I don't recall having any concept of grief as I was growing up. Loss didn't cross my path in any life-altering way until far into my adulthood.
One of my grandfathers died before I was old enough to understand what it meant to lose him, and my brother and I did not attend the funeral. At the time I had no sense of how the loss affected my parents, although I know now that they must have been grieving, particularly my mother because it was her father. I sensed my mother's grief for the first time years later, when I was 11 or 12, as we drove on the highway toward my grandparents' house in Bethesda, MD. My dad, who often tape-recorded stories and conversations during family get-togethers, had put one of his homemade cassettes into the car stereo deck. All of a sudden my late grandfather's voice came over the car speakers. My mother burst into tears. Sitting in the back seat, my brother and I turned toward each other wide-eyed and silent, not having the slightest idea how to react or help.
My grandmothers both lived well into their 80s, and my other grandfather into his mid-90s. At each of their funerals, although I felt great sadness, I felt even greater gratitude for having enjoyed so many years with them, years piled up with proof after proof of how much they loved us grandchildren. The mix of tears and laughter felt balanced, and in some sense logical - at least according to the assumptions about loss and grief I made at the time.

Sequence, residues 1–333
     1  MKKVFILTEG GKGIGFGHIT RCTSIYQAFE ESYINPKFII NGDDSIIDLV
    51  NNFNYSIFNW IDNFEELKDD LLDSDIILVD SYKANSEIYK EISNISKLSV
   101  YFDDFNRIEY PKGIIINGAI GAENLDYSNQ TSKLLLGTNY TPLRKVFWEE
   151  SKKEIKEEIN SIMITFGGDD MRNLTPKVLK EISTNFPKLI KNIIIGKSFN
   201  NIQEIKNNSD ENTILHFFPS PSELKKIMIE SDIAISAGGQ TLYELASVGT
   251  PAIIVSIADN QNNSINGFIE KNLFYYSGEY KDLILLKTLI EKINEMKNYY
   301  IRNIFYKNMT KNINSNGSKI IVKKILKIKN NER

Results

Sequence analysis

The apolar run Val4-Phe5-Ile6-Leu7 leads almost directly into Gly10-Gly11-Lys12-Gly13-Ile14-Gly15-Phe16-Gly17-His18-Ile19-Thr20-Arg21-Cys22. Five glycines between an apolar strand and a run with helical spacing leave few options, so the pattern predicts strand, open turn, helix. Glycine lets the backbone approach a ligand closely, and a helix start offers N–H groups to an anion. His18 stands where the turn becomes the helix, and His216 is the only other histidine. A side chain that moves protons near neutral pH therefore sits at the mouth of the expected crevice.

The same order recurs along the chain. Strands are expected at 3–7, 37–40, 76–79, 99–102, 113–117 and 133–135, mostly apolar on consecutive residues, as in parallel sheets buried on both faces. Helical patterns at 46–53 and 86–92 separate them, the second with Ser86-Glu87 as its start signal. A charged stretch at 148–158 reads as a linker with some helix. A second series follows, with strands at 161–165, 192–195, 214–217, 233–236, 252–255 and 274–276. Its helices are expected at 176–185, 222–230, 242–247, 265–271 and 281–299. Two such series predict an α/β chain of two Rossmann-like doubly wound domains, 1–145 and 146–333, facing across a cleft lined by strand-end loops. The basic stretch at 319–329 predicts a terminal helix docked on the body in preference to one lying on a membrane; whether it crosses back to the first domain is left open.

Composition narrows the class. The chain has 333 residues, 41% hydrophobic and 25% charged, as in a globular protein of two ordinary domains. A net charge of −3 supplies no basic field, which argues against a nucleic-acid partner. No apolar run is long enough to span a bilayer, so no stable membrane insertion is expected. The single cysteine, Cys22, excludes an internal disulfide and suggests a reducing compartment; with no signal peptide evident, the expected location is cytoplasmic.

Those assumptions were crushed by the earthquake of my brother's sudden untimely death. The aftershocks are still coming, and not just from my own ongoing grief journey. Many come from what others tell me about their own experiences of loss and grief. My eyes have been opened.
Some people come to a place of peace and acceptance faster than others. Some throw themselves into work and put their grieving off for months, years, even decades, until the time comes when they are somehow able to face it. Some tumble deeply into despair and feel compelled to live there for a while. Some experience relief - maybe because the deceased had been suffering unbearable mental or physical pain, or perhaps because the relationship had inescapable difficulties (when conflict dominates a relationship, relief is not an uncommon reaction to loss). Some self-soothe or self-medicate with any of a variety of tonics - alcohol or drugs, lots of food or denial of food, a heavy-duty exercise regimen, music, movies, going out, staying in, taking risks, taking time away. Some talk about it all the time, some stop talking. Some surround themselves with photographs, some put all the photographs in boxes and shut them up in a closet. Grief isn't all or nothing -- an authentic grief experience can occur at any point on the continuum between extremes.
The more I communicate with people about grief, the more I see how each experience is as individual as a snowflake. Even as they are all formed from the same substance -- the water of loss -- each snowflake of grief has a unique shape, travels a unique path, and follows a unique timeline. If we can release assumptions and judgment and let the snowflakes fall as they may, we can allow acceptance and love to come in and cushion the fall.
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Source: Healthy Living Huffington Post